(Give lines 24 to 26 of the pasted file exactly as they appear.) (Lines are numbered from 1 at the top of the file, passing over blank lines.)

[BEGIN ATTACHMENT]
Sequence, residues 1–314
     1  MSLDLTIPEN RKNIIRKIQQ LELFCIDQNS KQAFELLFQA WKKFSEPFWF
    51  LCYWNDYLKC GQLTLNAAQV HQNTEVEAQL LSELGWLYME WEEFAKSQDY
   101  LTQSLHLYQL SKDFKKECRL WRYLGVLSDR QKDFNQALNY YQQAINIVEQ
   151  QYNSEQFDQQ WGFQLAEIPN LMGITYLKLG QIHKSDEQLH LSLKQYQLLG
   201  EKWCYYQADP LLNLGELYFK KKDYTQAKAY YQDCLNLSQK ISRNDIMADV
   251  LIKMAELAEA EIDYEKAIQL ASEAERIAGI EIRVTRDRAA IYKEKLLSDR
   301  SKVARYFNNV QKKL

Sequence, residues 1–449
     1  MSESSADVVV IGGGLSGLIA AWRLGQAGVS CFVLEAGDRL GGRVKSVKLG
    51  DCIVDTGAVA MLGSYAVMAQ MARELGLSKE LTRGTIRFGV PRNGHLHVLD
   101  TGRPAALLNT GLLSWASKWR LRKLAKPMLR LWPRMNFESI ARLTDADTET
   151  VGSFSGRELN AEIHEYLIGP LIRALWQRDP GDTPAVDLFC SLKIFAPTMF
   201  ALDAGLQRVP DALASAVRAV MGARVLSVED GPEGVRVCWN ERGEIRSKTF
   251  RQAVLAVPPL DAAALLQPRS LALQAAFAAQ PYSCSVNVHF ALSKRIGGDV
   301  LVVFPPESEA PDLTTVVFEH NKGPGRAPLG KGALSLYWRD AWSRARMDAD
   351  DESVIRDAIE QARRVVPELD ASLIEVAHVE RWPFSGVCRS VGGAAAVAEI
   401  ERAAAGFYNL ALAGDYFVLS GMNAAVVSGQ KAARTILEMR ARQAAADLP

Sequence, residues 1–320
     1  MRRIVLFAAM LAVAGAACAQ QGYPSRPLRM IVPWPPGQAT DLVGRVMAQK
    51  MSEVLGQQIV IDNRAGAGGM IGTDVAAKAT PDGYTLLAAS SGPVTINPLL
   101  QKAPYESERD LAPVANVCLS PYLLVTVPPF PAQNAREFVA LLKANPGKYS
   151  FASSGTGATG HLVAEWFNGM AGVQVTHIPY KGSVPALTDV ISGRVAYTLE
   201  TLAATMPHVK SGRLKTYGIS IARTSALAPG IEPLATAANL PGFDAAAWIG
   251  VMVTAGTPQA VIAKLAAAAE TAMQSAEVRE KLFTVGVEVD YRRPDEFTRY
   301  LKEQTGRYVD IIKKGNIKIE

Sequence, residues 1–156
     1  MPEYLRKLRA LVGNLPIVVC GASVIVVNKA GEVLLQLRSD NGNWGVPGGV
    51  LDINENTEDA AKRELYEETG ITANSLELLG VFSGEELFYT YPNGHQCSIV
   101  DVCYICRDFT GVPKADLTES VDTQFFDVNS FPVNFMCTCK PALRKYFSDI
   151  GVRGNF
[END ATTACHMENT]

   201  TLAATMPHVK SGRLKTYGIS IARTSALAPG IEPLATAANL PGFDAAAWIG
   251  VMVTAGTPQA VIAKLAAAAE TAMQSAEVRE KLFTVGVEVD YRRPDEFTRY
   301  LKEQTGRYVD IIKKGNIKIE